By Greg Price
Town councillor Jack Brewin went into surgery for his live liver transplant yesterday thanks to the generousity of fellow Taberite Andy Tams.
However it turns out, Brewin’s wish is it turns into something bigger than himself.
Brewin’s recent birthdays as of late have been trying for the family man, as they have benchmarked his battle with his auto immune hepatitis disease.
“On my 49th birthday (Feb. 10), I went in for a physical for my Class 1 and I passed it with flying colours. Got some blood work done and Dr. Torrie said things didn’t look quite right and that I’ll need further testing,” said Brewin. “They found out it was my liver.”
On Jan. 1 of that year, it was Brewin’s goal to lose weight, as he was nearing his 50th birthday and hovering around 300 pounds in weight.
“I looked at myself in the mirror and said ‘I want to lose weight and be around for my kids and see them grow up and have kids and see my grandkids,” said Brewin. “I started working out, but I wasn’t losing my belly.”
Brewin did indeed start to lose weight, but wasn’t losing any of his belly. That was because the stomach was full of fluid and was not being expelled form his body. Brewin’s auto immune disease had Brewin dropping from 300 pounds to 220 at his lowest. It made for a 50th birthday that was not memorable, both metaphorically and physically.
“I am not officially 50, because I do not remember my 50th birthday because I was unconscious in a hospital bed in Calgary,” said Brewin, adding he had a loss of brian function from hepatic encephalopathy. “That is toxins building up in your blood stream and your body is retaining fluid and it can’t get out of your body. It starts to affect your thinking. You become confused, and that’s happened to me about a half dozen times. The worst one was when I ended up in Calgary. I woke up four days later in Foothills Hospital, and that’s how I turned 50. I didn’t know where I was, and it was the first time in my life during this whole battle, that I didn’t know who my wife was.”
Perhaps in those days he was out, angels visited him in his dreams in helping accelerate the help he needed. Those angels materialized in the form of a caring Taber community who embarked on a social media Find a Liver for Jack campaign.
Upon hearing Jack’s family was not a match for him along with close friend Paul Turcato, a small group of Taberites mobilized to get a concentrated message out to the public on Brewin’s need for a new liver.
“The problem with finding a match is I’m very tall and a big guy. The liver has to fit as it will grow into you,” said Brewin. “It’s quite an involved process.”
Brewin admitted as the days/months passed he was getting down on his himself and losing hope, when his spirits were lifted in the form of Sharla Kane and Karen Hamilton, who herself was a recipient of a double-lung transplant stemming from her cystic fibrosis. The two along with a small contingent of Taberites launched its live donor awareness campaign on Facebook and alerted the Taber Times with Brewin’s story eventually going both provincial and national.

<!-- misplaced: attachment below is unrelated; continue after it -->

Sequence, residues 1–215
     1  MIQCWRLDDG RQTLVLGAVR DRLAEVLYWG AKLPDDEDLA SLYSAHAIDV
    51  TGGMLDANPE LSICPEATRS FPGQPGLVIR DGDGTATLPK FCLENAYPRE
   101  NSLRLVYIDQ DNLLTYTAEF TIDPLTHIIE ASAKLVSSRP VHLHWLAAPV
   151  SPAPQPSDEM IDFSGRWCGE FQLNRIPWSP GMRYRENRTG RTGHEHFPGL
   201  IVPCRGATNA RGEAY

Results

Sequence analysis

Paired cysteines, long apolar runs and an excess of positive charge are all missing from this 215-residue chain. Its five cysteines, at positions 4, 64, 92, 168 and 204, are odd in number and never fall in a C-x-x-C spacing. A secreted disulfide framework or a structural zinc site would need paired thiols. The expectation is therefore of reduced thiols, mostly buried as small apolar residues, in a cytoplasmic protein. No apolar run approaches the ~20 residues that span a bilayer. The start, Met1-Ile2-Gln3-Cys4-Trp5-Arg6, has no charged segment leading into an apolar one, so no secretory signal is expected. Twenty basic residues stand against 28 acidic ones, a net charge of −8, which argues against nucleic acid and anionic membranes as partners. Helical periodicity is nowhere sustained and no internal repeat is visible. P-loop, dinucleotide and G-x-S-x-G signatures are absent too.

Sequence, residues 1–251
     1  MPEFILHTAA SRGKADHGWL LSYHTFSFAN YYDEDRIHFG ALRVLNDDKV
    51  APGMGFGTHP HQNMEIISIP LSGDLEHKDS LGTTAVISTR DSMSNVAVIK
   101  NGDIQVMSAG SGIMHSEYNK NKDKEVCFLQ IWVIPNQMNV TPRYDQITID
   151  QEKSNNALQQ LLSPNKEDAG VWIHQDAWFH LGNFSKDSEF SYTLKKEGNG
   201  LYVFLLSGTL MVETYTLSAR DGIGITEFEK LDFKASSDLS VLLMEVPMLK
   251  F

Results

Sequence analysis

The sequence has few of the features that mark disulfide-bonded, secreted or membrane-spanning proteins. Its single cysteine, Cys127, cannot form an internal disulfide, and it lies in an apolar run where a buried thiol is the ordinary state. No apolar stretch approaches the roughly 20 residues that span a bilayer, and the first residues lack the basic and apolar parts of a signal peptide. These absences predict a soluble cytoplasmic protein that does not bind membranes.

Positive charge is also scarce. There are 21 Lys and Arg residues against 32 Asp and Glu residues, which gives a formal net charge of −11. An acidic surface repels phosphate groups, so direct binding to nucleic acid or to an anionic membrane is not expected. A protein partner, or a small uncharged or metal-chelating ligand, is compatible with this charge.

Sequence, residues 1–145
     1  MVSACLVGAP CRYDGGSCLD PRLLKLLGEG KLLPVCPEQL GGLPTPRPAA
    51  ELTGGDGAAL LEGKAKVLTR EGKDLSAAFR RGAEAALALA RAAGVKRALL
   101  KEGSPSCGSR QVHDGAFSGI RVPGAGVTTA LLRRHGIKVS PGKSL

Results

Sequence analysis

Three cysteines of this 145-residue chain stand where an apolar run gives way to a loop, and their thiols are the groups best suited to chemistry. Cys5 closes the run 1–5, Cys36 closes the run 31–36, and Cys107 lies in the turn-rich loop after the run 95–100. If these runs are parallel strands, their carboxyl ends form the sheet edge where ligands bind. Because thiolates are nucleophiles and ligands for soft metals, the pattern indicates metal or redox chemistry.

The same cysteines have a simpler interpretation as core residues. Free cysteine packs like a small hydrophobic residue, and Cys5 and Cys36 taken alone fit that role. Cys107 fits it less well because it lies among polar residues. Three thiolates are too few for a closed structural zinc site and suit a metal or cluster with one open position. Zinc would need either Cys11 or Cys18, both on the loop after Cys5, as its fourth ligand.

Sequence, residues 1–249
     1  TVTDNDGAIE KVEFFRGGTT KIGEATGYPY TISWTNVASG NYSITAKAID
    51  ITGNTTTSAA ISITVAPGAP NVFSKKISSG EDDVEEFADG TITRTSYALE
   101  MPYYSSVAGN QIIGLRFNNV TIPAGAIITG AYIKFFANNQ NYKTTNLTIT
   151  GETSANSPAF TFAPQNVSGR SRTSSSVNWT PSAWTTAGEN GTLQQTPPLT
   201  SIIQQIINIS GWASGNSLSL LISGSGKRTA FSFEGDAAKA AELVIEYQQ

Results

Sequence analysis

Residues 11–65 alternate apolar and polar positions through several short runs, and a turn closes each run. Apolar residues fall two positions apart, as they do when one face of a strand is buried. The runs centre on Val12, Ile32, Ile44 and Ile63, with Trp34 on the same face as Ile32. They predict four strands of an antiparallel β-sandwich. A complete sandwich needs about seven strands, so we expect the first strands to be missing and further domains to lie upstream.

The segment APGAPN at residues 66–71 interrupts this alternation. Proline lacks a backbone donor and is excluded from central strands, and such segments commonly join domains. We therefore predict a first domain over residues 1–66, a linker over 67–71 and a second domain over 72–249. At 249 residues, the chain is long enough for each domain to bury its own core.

“They stepped right up to the plate and I called them my two angels. They got things rolling on Facebook and got the word out on posters and on billboards,” said Brewin. “I don’t even know how many people tried in the end. But there was a lot, Edmonton was overwhelmed with people asking to be tested. They are my two angels and there were a lot of other people who helped too, who have their own wings.”
As Brewin transitioned in his life in early retirement, he and his wife had the financial means to set up roots anywhere, but Brewin chose Taber knowing what the community had meant to him.
“I wanted to stay in Taber. This is where my friends are, I know the town and surrounding country. This is what makes towns like Taber great, is the community spirit,” said Brewin. “When someone is in need, people step up. When you are in a big community, you are just another face. Here, people care. People were coming up and asking me how I was doing and the town council I serve on, they were very supportive too, helping me work through this.”
Now Jack’s wish is with his plight that the importance of organ donation does not just end with him, but remains on the public conscious nationally.
“One person, after they are gone can help eight lives. In Spain, they have a law, you are an organ donor. You have to sign (opt-out), not to be one. You see more organ donation in Spain. That’s what Canada needs, something to inspire people to donate.” said Brewin of Spain, which currently has the highest organ donation rate in the world. “Wherever we end up (depending on your belief system), we don’t need our organs. If you can save someone’s life, or help with research, more power to you. Whatever happens to me, I hope good comes from it for other people.”